# How to understand this relativistic decay question?

The upsilon is an unstable particle that decays into a tau and an antitau according to the reaction:

The upsilon is at rest relative to the laboratory when it decays. The momemtum of the tau relative to the laboratory is $$4.40GeV c^{-1}$$. The rest mass of the tau and of the anti tau is $$1.78GeVc^{-2}$$

Determine the rest mass of the upsilon.

First, why are masses of the leptons represented in terms of $$GeVc^{-2}$$? Lets say I want to express the mass of a proton in terms of $$GeVc^{-2}$$, how can I do this conversion?

According to the answer:

Honestly this is very confusing to me, why $$Mc^2 = 2E$$? and why is $$E$$ the square root of the mass squared and the momentum squared, how do you even formulate this?

## 1 Answer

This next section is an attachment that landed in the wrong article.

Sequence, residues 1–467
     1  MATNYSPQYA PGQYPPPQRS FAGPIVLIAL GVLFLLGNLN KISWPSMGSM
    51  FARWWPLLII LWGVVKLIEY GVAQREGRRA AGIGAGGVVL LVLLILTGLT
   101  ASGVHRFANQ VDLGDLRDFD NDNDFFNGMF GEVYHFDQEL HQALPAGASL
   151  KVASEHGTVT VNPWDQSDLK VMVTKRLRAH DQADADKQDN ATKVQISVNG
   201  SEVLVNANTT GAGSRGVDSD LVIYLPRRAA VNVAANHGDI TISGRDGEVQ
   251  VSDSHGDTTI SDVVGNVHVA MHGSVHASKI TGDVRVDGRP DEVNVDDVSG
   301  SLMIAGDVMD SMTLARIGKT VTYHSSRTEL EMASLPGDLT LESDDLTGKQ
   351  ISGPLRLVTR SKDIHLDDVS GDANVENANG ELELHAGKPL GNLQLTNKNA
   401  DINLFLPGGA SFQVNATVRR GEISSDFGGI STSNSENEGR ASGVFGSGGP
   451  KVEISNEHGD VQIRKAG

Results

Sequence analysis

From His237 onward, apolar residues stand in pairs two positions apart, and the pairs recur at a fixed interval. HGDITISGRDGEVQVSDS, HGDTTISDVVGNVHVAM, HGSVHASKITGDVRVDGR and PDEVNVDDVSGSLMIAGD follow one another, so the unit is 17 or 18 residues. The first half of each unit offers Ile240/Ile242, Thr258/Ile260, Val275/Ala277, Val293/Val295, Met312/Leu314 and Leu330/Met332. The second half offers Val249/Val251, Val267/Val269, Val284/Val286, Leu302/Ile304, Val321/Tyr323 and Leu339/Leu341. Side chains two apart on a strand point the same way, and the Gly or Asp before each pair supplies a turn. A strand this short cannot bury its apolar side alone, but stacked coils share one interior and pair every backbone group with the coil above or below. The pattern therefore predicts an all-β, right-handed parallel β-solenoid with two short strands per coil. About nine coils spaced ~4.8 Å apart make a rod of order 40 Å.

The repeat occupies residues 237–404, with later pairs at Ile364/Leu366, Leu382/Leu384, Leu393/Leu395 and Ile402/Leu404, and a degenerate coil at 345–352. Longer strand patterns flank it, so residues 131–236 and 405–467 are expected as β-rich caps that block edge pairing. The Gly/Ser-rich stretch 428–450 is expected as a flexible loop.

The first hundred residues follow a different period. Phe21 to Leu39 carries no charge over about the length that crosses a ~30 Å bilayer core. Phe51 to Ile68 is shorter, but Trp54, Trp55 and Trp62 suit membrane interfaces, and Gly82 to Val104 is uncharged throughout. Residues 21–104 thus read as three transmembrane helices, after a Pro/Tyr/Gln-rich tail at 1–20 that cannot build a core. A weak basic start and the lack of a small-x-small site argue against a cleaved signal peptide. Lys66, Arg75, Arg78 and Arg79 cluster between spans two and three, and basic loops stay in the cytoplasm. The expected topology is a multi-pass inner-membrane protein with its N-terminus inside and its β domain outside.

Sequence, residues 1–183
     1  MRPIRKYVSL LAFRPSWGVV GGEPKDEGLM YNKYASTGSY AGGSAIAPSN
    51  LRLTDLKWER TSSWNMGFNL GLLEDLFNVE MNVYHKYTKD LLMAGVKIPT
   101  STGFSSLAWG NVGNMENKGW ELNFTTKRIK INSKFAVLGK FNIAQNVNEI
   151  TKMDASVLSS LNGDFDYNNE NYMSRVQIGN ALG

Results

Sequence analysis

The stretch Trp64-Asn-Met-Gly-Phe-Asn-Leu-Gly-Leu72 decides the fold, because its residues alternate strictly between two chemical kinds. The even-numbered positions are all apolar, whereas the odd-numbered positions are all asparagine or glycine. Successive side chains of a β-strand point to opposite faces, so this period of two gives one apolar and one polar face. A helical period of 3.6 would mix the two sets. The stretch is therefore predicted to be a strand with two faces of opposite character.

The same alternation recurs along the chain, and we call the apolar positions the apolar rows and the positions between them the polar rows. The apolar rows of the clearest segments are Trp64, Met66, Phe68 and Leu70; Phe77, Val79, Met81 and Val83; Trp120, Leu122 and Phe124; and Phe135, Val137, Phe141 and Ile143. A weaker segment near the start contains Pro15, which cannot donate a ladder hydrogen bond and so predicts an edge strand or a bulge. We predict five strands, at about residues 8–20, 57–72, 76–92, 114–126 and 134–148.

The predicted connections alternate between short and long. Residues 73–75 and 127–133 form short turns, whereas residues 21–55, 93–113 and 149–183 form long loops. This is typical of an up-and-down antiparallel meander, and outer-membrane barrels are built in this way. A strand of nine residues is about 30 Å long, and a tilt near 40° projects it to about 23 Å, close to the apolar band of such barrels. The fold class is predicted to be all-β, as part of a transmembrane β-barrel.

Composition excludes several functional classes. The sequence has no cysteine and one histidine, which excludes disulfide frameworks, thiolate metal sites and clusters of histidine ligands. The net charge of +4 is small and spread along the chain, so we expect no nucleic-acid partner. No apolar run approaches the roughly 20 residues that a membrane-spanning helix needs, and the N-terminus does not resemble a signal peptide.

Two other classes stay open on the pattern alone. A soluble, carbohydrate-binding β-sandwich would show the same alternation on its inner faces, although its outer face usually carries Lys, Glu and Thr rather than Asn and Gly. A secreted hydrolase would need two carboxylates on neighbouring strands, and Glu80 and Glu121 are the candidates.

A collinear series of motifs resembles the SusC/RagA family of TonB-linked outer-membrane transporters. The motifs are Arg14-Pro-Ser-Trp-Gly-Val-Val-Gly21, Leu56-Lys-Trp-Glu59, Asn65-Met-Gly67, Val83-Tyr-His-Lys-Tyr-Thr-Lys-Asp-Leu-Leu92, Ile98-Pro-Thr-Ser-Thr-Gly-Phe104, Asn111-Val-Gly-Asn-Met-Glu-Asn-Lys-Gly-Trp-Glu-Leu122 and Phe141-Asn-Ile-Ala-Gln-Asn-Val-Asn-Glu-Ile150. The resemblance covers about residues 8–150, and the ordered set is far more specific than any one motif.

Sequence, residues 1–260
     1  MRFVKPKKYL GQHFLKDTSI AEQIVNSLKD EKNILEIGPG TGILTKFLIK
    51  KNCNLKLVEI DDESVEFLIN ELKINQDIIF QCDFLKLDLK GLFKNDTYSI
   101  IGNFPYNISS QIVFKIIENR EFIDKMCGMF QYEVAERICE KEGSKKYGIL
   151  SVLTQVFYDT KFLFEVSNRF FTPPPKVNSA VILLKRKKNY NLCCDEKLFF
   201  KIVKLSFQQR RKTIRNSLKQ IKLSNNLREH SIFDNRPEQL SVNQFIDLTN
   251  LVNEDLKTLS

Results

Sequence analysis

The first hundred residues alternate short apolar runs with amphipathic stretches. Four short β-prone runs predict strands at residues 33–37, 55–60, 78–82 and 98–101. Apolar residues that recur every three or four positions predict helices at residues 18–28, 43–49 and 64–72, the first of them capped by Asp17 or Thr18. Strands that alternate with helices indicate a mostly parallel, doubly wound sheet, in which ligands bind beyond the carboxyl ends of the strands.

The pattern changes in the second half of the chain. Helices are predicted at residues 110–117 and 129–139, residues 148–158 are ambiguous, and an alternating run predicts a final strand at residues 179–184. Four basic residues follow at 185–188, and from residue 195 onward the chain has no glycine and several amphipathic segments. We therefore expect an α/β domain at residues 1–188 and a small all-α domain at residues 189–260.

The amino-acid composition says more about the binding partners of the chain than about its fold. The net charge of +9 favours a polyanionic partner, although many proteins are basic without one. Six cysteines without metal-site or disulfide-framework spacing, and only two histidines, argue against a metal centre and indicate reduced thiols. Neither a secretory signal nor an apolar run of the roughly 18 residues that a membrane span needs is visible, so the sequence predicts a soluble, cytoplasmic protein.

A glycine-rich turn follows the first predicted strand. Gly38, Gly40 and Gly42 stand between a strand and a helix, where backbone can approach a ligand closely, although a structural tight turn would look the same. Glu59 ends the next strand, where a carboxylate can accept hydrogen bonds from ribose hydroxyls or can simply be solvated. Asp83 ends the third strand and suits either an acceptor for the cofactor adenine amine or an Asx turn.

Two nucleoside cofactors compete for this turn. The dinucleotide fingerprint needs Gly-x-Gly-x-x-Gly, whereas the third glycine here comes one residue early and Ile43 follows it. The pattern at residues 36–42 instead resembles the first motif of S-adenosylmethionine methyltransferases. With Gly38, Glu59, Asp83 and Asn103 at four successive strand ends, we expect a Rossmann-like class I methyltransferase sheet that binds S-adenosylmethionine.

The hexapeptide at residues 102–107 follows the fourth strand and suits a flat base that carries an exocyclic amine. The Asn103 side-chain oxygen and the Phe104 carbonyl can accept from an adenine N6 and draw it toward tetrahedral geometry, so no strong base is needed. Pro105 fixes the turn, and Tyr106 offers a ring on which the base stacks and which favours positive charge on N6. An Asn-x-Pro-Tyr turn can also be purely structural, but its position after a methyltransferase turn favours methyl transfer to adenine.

Particle physicists like to express the masses, momenta, energies of particles in some form of electron volts and a power of c. (Yes, that metric propaganda in school lied to you..it is not always a perfect 10).

It makes a lot of sense, since the one place where it is clear that rest mass and energy are interchangeable is the interaction point / target end station of a particle accelerator.

The conversion from SI to practicing physicist is as follows:

$$\frac{M}{[1 \rm GeV/c^2]} = \frac 1{10^9}\times \frac{Mc^2}{|e|\times 1\,{\rm V}}$$

where $$e$$ is the charge of the electron. Note that many theorists consider the speed of light to be a dimensionless constant:

$$c = 1$$

so that one rarely says "G eV over c squared", preferring just, "GeV", pronounced "gee eee vee" in the States, and perhaps "jev" elsewhere.

Regarding your problem, this is solvable by conservation of 4-momentum. Setting $$c=1$$, the initial 4-momentum is:

$$p_i^{\mu}= (M_{\Upsilon}, \vec 0)$$

While the final state is:

$$p_f^{\mu}= p_{\tau}^{\mu} + p_{\bar{\tau}}^{\mu} = p_i^{\mu}$$

If we call the tau's 3-momenta $$\vec p$$, and enforce the conservation of 3-momenta, then:

$$p_{\tau}^{\mu} =(\sqrt{|\vec p|^2+m_{\tau}^2 }, \vec p)$$

$$p_{\bar \tau}^{\mu} =(\sqrt{|\vec p|^2+m_{\tau}^2 }, -\vec p)$$

From here, the answer should be straightforward.

• Hi JEB thanks for the explanation! Really helpful ;) Commented Sep 28, 2020 at 0:43